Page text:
Indexed on: 13 Jun '19Published on: 03 Apr '19Published in: Journal of Clinical Nursing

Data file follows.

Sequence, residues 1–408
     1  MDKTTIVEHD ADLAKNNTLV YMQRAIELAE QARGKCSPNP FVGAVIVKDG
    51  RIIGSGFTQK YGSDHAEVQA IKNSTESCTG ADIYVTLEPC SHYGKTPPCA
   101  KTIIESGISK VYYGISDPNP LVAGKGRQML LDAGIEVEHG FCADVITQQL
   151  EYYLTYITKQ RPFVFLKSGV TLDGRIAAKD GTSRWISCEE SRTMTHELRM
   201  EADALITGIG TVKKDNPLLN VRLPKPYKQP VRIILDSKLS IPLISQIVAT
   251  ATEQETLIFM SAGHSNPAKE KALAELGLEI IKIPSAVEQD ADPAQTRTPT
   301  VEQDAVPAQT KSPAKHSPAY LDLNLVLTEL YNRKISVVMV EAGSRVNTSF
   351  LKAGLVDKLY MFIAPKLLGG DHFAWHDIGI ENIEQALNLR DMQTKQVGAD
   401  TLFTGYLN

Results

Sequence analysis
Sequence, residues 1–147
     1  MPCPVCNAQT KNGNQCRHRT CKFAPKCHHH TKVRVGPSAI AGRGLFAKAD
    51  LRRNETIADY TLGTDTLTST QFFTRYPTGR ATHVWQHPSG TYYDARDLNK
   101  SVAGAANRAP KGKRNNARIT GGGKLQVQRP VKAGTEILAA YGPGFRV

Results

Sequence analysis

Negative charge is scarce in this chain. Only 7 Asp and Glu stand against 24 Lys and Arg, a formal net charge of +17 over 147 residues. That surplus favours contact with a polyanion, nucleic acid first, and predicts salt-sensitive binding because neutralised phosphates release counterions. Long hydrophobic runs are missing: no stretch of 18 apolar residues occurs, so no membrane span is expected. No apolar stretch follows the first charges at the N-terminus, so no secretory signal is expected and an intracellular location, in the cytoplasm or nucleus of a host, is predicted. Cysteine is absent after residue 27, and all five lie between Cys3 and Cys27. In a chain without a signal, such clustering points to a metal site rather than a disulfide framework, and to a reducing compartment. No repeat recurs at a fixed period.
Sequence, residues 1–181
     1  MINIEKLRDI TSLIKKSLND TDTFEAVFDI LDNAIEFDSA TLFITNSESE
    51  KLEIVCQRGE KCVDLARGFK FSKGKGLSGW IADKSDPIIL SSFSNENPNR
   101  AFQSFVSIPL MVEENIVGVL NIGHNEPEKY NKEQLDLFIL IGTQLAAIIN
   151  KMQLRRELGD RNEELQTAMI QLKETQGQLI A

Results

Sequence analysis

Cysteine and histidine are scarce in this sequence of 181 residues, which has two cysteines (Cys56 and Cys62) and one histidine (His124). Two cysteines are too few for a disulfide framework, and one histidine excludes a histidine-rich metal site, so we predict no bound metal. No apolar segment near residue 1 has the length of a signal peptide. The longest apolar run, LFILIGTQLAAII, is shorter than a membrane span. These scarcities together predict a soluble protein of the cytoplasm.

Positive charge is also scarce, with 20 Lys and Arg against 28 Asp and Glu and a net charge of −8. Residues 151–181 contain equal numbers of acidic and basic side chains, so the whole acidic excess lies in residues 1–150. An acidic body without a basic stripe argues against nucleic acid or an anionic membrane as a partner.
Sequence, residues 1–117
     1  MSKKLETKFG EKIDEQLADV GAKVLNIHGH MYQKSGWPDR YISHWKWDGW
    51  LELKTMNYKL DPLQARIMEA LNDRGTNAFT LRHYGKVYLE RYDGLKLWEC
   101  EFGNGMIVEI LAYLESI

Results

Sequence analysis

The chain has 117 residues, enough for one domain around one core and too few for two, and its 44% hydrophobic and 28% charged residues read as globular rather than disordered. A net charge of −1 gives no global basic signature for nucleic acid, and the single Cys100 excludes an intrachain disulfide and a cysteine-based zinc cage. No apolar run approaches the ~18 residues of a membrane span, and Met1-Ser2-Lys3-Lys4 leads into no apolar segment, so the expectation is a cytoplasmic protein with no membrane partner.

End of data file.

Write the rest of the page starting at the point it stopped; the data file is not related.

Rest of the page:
After sheath removal from the femoral artery following urgent or emergency percutaneous coronary intervention (PCI), patients are maintained with limb immobilization for a mean period of four hours. To assess the intensity and frequency of pain, use of analgesic drugs, and the incidence of paresthesia, urinary retention and vascular complications upon decreasing affected limb immobilization from four to two hours after sheath removal in patients submitted to transfemoral PCI. Randomized clinical trial (RCT) based on the CONSORT guidelines. RCT was performed in patients with ACS submitted to transfemoral PCI. The Intervention Group was submitted to a supine position with the head of the bed elevated (30-degree angle) with affected limb immobilization for two hours after sheath removal and the Control Group for four hours. The outcomes were pain complaints, need for analgesic drugs, incidence of paresthesia, urinary retention and vascular complications. The outcomes were assessed immediately, 6, 12 and 24 hours after release from limb immobilization before the patients were released from bed rest. 150 patients (75 in each group) participated in the study. No significant differences in outcomes were observed between the groups, except in relation to the hematoma formation that was higher in the intervention group. A reduced length of limb immobilization after sheath removal following PCI does not change the frequency and intensity of pain, need of analgesic drugs, urinary retention, and paresthesia. The incidence of hematoma was higher in the intervention group, without significant clinical manifestations. The results of this study can be considered for patients submitted to elective, urgent or emergency PCI, who have a lower risk of complications, thereby allowing for decreased periods of limb immobilization. This article is protected by copyright. All rights reserved. This article is protected by copyright. All rights reserved.